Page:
We defended a vote for those rank-and-file socialist candidates who raised criticisms of the government. These candidates put forward a revolutionary programme in defence of the gains won since Chavez's first election in 1998.
We also stand for fighting for these gains to be added to, satisfying the demands of the workers and poor and ending the power of the capitalists and bureaucrats, to solve the worst problems facing the population.
On the night of the elections it was announced that 8,089,320 people had voted, 41.53%. In the 2015 assembly elections, PSUV and its allies won 5,622,844 votes and Maduro won the presidential elections with 7,587,579 votes.
While we cannot simply believe government figures (as there was no transparent scrutiny of votes), it is clear that participation was still significant.
However, turnout in elections to a genuinely revolutionary constituent assembly, elected democratically in workplaces and communities, would have been much higher.
Venezuela is at a critical conjuncture. The road of the government - of capitalist policies and conciliation with capitalism and imperialism - can only lead to defeat, which would mean the loss of all social gains won and the continuation of poverty and exploitation.
In this situation, revolutionaries should defend a genuinely socialist programme to stop a victory of the pro-imperialist right wing. At the same time, we must struggle to build an alternative revolutionary pole to the government bureaucracy which does not want to break with capitalism.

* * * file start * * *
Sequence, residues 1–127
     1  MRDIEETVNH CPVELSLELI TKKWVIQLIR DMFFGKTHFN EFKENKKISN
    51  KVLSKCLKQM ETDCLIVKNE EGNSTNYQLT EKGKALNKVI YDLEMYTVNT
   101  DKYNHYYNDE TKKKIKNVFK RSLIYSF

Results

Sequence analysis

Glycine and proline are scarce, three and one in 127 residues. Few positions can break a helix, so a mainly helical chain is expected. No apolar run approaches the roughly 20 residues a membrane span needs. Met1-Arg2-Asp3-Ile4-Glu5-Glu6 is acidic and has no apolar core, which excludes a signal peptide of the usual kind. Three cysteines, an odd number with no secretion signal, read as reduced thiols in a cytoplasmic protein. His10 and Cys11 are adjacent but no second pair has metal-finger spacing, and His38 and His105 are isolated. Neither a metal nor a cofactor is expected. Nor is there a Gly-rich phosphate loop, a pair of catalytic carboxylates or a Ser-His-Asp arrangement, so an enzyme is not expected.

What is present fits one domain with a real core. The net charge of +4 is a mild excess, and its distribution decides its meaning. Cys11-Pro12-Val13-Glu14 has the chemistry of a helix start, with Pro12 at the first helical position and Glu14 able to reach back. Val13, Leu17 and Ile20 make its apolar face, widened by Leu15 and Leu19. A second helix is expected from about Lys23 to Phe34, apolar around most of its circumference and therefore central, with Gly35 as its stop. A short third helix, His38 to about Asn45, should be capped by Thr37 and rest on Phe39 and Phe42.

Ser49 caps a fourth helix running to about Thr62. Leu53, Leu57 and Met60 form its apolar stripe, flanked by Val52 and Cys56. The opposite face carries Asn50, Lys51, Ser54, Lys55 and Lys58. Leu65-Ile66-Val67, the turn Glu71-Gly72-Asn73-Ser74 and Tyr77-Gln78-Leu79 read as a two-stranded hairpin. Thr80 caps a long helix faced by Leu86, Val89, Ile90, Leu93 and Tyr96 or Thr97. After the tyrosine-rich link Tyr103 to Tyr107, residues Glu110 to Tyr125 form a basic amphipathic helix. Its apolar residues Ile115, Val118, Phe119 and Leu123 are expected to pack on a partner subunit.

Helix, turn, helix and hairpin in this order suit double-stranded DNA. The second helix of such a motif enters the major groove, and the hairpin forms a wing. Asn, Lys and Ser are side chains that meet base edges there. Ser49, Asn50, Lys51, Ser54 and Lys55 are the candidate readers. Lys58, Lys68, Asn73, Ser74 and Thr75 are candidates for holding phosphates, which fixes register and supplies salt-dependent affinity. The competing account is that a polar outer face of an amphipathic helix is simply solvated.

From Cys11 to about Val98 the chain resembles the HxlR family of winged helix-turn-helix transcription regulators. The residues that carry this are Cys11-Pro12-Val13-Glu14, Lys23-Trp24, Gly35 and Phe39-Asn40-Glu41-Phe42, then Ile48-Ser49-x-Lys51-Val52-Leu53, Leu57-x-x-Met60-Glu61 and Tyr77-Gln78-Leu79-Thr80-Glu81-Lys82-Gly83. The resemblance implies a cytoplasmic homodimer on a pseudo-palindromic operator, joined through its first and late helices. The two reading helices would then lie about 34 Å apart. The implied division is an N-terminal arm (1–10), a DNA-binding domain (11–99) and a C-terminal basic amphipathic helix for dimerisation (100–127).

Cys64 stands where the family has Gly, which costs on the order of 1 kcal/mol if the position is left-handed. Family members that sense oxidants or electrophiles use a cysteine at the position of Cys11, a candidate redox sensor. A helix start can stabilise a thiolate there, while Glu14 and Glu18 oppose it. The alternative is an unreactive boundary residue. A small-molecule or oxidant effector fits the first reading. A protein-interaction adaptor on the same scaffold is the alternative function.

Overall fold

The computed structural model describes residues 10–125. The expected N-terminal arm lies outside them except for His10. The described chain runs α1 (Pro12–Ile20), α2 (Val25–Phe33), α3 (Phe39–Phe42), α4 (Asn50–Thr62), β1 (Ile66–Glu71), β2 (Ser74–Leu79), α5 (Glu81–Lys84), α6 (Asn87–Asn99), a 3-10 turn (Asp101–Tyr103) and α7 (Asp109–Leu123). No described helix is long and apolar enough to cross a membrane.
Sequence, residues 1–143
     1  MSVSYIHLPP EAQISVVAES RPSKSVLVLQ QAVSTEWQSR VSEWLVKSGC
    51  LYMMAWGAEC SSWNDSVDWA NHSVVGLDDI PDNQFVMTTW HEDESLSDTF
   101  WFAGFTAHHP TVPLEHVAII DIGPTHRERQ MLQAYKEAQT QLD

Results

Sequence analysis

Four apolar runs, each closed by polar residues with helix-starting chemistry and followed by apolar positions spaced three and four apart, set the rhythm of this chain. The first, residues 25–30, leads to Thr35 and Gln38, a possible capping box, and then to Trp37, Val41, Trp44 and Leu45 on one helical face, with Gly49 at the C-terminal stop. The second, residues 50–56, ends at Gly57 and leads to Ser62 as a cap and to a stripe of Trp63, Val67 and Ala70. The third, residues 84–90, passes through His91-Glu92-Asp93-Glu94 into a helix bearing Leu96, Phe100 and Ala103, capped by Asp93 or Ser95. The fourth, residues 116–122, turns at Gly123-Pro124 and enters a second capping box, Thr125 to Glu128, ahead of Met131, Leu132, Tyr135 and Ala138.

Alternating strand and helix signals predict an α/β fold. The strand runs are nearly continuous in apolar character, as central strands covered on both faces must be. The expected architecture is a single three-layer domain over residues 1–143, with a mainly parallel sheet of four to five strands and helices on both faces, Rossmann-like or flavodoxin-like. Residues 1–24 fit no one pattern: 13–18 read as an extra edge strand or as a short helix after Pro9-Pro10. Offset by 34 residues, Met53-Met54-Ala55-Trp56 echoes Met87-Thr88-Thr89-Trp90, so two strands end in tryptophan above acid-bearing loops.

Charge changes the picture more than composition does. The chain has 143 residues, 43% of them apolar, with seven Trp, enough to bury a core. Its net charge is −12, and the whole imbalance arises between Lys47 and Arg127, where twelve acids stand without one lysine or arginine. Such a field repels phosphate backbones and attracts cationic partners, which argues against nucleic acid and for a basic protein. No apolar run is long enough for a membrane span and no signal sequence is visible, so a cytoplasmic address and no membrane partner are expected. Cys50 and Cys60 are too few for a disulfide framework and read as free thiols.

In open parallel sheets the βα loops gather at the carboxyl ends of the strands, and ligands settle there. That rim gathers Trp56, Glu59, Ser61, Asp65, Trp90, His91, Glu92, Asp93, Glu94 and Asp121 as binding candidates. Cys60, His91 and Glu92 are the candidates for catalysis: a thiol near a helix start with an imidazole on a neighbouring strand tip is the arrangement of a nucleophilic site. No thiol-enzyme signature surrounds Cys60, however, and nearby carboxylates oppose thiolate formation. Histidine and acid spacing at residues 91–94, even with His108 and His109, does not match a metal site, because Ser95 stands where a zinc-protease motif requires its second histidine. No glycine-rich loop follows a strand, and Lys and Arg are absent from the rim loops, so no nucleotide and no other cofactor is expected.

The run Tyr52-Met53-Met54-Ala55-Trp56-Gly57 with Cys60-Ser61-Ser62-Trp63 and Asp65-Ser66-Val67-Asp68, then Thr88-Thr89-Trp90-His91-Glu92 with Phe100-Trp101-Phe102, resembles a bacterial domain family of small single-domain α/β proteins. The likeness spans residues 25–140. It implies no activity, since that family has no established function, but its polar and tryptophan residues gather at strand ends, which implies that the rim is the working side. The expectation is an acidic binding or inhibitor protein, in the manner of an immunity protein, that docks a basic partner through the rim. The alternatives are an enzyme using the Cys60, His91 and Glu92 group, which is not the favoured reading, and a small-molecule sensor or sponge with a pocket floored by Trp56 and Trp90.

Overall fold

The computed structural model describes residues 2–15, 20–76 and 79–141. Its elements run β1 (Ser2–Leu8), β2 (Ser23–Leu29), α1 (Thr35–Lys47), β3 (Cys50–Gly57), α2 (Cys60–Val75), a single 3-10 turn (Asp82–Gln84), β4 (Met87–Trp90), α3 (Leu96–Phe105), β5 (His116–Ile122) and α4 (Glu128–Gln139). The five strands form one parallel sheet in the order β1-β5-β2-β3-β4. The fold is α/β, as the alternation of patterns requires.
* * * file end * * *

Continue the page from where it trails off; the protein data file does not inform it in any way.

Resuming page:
This alternative is the organisation and mobilisation of workers and the poor to defend the gains of the revolution and extend them; uniting all the oppressed in a struggle to expropriate the capitalists and build a revolutionary socialist state to replace the current one, which remains capitalist.
Such a state would be based on workers' and neighbourhood councils, at local, regional and national level, elected and recallable at any time - and where every representative earns only the wage of a skilled worker.
A state where power and wealth is really in the hands of the workers and poor - achieved through democratic public ownership and control of the commanding heights of the economy.
- Full article can be read on socialistworld.net